This is the final report for Project 3060-43440-011-00D, which has been replaced by Project 3060-43440-014-00D. Please refer to the latter project for future reports. The Hard Red Spring Wheat Quality Laboratory (WQL) has analyzed physical and biochemical quality traits of approximately 3000 samples of hard spring and durum wheat every year. Samples were submitted by private and public wheat breeders involved in wheat germplasm improvement and by scientists involved in gene mapping to identify quantitative trait loci associated with end-use quality traits. The WQL provided over 40 different tests related to wheat kernel characteristics, milling performance, and flour, semolina, dough, baking, and spaghetti processing quality. This program contributed to the release of three hard spring wheat cultivars from the University of Minnesota, four hard spring wheat cultivars from South Dakota State University, one mapping population from the University of Minnesota, and one winter durum wheat cultivar from Virginia Tech during the last five years. In cooperation with the Wheat Quality Council (WQC), approximately ten experimental lines of hard spring wheat that were grown at up to 5 locations have been evaluated along with check cultivars every year. The WQL tested each line for kernel, milling, flour, dough, and bread-baking quality traits, coordinated baking quality test results from independent public and private testing laboratories, and analyzed the data. Results were published, presented, and discussed at the annual meeting of the WQC. Interactions with the WQC serve as a means to obtain industry feedback on the milling and baking quality traits of advanced experimental lines of wheat being considered for release into commercial production. A 2013 variety survey showed that all of the top five HS wheat cultivars planted in North Dakota, Minnesota, and South Dakota were tested by the WQC program. Research regarding the effects of protein molecular weight distribution (MWD) on bread-making characteristics of hard spring wheat was continued. We improved the speed of size-exclusion high performance liquid chromatography (SE-HPLC) for analysis of protein MWD and identified protein fractions that had significant associations with quality characteristics. This information can contribute to rapid characterization of protein for quality evaluation of a large number of hard spring wheat samples. Flour samples of hard spring wheat genotypes grown in North Dakota and Minnesota were also analyzed by SE-HPLC and evaluated by UV spectroscopy for three years. The data obtained from this research is currently being evaluated to develop prediction models of quality traits and to assess effects of genotype and growing environment on protein MWD parameters and their associations with wheat quality traits using statistical and multivariate data analysis methods. Research also was performed to assess the suitability of SE-HPLC for quality evaluation of durum semolina using semolina samples that were milled from 13 durum genotypes grown at 7 locations over a three year period in North Dakota. Firmness of cooked pasta is an important quality characteristic for durum wheat, and this research identified protein fractions that had significant effects on firmness of cooked pasta. The SE-HPLC data is being further analyzed to assess possible effects of genotype and environment on protein SE-HPLC parameters and their associations with durum wheat quality characteristics. UV spectroscopy data was also collected and will be evaluated for durum wheat quality evaluation as part of the next project. Altogether, this information can contribute to more rapid quality evaluation of durum wheat breeding lines. The segregation of low asparagine wheat genotypes is important to reduce carcinogenic acrylamide content in baking products. We identified significant variation in free asparagine concentration for flour mill streams, hard spring wheat genotypes damaged by pre-harvest sprouting, and durum translocation lines. Free asparagine concentration was also analyzed for hard spring wheat genotypes collected from North Dakota and Minnesota for three years, and the data are being statistically analyzed to investigate the variation in free asparagine among hard spring wheat genotypes. The information obtained is important to millers in blending of flour mill streams and to breeders in selection of wheat genotypes with low asparagine concentration, which may contribute to reducing carcinogenic acrylamide in baked products. An investigation into the effect of sulfur fertilization on quality characteristics of hard spring wheat genotypes was initiated using six wheat genotypes that were grown at three different levels of sulfur fertilization at three locations in MN. The wheat samples are currently being analyzed for milling and baking quality, and the data will be statistically analyzed to assess the effect of sulfur fertilization on protein, free asparagine, and quality characteristics. Wheat kernel vitreousness is an important grading characteristic in the U.S., and therefore the effect of kernel vitreousness on milling and breadmaking quality in hard red spring wheat was investigated. Data analysis indicated that wheat quality characteristics are mainly associated with protein composition related to molecular weight distribution, and kernel vitreousness is a good supplementary trait to protein for evaluation of milling and breadmaking quality characteristics such as break flour yield and baking water absorption. The solvent retention capacity (SRC) test measures the ability of flour to retain a set of four solvents as related to intrinsic flour constituents. When the suitability of the SRC test for quality assessment of hard red spring wheat flour was examined, we identified a discrepancy for the association between SRC parameters, protein fractions analyzed by size-exclusion HPLC, and breadmaking characteristics that could help segregation of HRS wheat flour samples for breadmaking quality. Pasta fortification with non-traditional ingredients was investigated with the purpose of offering healthier alternatives to consumers. Spaghetti samples that were made from traditional and non-traditional formulations, including whole wheat flour and flaxseed flour, were analyzed for cooking quality and biochemical components. Among protein fractions, high levels of a protein fraction called glutenin polymers and low levels of the albumin and globulin fractions were identified to have association with low cooking loss and weight, and high firmness for the cooked non-traditional spaghetti. This research provides novel information on the influence of biochemical components on cooking quality of nontraditional pasta that may help formulate flour mixes for non-traditional pasta products. Intermediate wheatgrass (Thinopyrum intermedium, IWG), possesses desirable agronomic traits, e.g., disease resistance, relatively large seed, and grain yield. As a perennial relative of wheat, IWG has good potential for development into a perennial grain crop. To investigate the variability of end-use quality among IWG genotypes, we evaluated protein composition and mixing properties for whole grain flour samples of 60 IWG genotypes. This research provided quality trait data and their associations with protein composition parameters for IWG genotypes grown in MN. Overall, this information will benefit the evaluation and improvement of quality and improve breeding efficiency for IWG.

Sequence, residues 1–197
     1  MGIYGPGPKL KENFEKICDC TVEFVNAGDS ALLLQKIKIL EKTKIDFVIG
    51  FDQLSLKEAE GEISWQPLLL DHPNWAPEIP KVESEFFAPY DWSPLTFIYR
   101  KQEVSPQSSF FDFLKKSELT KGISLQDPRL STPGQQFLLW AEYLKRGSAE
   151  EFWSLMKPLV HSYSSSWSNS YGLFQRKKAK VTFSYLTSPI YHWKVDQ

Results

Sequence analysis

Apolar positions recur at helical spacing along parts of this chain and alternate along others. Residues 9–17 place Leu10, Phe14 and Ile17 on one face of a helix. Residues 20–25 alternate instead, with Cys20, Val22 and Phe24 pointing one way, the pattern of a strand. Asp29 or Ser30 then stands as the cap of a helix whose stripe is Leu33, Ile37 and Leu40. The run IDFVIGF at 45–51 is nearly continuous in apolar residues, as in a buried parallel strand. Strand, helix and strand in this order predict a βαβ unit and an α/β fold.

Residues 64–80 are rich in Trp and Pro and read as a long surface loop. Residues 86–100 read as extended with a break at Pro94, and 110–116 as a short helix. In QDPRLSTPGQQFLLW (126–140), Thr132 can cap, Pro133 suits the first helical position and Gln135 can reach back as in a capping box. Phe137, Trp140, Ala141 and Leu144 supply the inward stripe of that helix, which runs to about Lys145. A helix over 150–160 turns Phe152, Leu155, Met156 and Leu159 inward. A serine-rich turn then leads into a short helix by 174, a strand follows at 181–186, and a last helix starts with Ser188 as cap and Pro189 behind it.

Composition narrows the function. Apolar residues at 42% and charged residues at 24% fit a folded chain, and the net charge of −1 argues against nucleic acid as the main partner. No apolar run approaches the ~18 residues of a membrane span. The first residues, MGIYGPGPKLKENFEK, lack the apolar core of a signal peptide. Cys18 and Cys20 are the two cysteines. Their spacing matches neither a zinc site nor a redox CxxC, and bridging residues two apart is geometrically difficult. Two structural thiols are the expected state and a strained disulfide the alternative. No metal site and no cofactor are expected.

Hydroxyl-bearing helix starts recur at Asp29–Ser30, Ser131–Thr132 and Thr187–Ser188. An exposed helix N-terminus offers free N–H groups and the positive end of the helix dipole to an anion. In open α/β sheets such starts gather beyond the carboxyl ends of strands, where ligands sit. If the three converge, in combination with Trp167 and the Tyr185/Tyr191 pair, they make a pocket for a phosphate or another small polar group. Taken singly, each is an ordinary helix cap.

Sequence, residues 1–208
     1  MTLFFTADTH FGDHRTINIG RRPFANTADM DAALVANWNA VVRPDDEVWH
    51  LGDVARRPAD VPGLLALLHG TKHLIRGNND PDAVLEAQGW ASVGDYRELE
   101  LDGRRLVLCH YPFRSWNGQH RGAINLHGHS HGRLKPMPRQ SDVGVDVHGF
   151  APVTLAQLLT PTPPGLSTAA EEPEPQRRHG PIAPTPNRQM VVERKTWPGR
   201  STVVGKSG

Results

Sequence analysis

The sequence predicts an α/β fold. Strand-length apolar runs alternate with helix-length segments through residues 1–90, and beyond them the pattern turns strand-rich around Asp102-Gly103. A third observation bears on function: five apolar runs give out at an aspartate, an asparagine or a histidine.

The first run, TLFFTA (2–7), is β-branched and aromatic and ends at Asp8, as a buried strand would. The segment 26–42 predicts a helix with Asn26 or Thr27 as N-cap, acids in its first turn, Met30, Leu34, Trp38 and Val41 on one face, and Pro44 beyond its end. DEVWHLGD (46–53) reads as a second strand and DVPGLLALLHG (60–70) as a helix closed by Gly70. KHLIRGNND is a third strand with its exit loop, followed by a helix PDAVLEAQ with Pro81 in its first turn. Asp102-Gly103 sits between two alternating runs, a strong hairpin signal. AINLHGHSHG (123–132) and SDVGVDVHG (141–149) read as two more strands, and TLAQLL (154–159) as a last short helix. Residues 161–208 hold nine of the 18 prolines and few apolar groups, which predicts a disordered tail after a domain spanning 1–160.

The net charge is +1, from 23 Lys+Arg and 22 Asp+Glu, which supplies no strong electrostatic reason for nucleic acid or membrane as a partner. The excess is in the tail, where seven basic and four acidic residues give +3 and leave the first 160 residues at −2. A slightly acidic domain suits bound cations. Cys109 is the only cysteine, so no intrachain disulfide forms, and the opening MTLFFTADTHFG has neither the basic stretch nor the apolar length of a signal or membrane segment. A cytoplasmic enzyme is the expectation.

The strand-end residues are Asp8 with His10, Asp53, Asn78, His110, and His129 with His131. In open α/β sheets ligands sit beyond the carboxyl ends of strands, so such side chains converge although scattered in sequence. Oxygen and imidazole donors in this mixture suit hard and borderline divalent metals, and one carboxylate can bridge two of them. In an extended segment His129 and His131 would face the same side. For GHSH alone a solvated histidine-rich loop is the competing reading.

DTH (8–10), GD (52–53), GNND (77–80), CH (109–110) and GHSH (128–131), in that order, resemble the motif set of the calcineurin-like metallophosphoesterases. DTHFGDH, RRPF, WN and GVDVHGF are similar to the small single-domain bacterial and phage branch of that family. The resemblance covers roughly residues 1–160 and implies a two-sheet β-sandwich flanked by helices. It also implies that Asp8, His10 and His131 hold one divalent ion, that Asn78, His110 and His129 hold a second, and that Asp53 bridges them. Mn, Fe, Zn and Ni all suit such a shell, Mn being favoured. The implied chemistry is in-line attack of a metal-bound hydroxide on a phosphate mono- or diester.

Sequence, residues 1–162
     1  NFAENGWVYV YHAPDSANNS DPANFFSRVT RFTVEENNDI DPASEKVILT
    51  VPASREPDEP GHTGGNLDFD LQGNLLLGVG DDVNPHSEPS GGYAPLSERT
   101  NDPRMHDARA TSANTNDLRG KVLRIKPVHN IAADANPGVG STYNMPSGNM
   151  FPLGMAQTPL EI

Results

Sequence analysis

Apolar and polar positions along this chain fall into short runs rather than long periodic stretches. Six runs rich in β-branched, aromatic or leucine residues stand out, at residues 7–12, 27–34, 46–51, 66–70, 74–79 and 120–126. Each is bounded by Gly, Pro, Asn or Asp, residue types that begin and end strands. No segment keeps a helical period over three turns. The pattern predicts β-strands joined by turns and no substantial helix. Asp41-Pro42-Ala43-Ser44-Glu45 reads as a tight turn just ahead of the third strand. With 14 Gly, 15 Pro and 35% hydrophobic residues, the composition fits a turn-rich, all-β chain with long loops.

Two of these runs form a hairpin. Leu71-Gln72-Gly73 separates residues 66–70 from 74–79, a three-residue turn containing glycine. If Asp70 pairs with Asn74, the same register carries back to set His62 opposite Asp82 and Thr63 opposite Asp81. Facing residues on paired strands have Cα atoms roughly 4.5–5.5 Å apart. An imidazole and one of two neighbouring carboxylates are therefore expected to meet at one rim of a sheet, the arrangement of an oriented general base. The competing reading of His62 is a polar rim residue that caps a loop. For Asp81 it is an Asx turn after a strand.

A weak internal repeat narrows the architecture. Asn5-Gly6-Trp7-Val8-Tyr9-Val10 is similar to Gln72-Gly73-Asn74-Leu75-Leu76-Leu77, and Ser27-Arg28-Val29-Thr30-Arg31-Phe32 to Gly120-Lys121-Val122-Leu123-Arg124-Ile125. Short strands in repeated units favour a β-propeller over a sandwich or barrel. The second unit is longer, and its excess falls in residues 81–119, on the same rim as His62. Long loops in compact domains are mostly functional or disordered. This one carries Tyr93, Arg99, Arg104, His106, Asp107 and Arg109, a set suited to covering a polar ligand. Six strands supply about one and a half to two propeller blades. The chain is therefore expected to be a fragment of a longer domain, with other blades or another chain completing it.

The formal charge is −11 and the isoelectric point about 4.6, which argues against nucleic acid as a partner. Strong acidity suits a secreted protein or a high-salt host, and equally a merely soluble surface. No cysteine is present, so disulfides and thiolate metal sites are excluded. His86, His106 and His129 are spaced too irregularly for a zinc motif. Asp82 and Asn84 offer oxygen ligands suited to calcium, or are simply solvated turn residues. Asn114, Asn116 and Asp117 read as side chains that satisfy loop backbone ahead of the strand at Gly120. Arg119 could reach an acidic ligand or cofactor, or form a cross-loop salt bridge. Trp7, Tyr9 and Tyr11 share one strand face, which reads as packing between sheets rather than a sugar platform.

1. Development of improved wheat germplasm. Wheat producers, milling and baking industries, and overseas customers require high standards in the quality of wheat to meet their evolving needs. The Hard Red Spring and Durum Wheat Quality Laboratory contributed wheat end-use quality data that helped lead to the development of improved wheat germplasm and subsequent release of new cultivars of spring and durum wheat bred for commercial production. Such new releases provide value to both farmers and industry through improved productivity or end-use quality.
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Baasandorj, T., Ohm, J.-B., Manthey, F., Simsek, S. 2015. Effect of kernel size and mill type on protein, milling yield, and baking quality of hard red spring wheat. Cereal Chemistry. 92(1):81-87.
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Ibrahim, A., Rudd, J., Devkota, R., Baker, J., Sutton, R., Simoneaux, B., Opena, G., Herrington, R., Rooney, L., Dykes, L., Awika, J., Nelson, L.R., Fritz, A., Bowden, R.L., Graybosch, R.A., Jin, Y., Seabourn, B.W., Chen, X., Kolmer, J.A., St Amand, P., Bai, G., Duncan, R. 2015. Registration of 'TAM 305' hard red winter Wheat. Journal of Plant Registrations. doi:10.3198/jpr2014.08.0054crc.
Cremer, J.E., Bean, S., Tilley, M., Ioerger, B.P., Ohm, J., Kaufman, R.C., Wilson, J.D., Innes, D., Gilding, E.K., Godwin, I.D. 2014. Grain sorghum proteomics: An integrated approach towards characterization of seed storage proteins in kafirin allelic variants. Journal of Agricultural and Food Chemistry. 62:9819-9831.
Anderson, J.A., Wiersma, J.J., Linkert, G.L., Reynolds, S., Kolmer, J.A., Jin, Y., Dill-Macky, R., Hareland, G.A. 2015. Registration of 'Rollag' spring wheat. Journal of Plant Registrations. 9:201-207.
Glover, K.D., Hall, R.G., Jin, Y., Osborne, L.E., Ingemansen, J.A., Turnipseed, E.B., Hareland, G.A. 2015. Registration of 'Advance' Hard Red Spring Wheat. Journal of Plant Registrations. 9:83-88.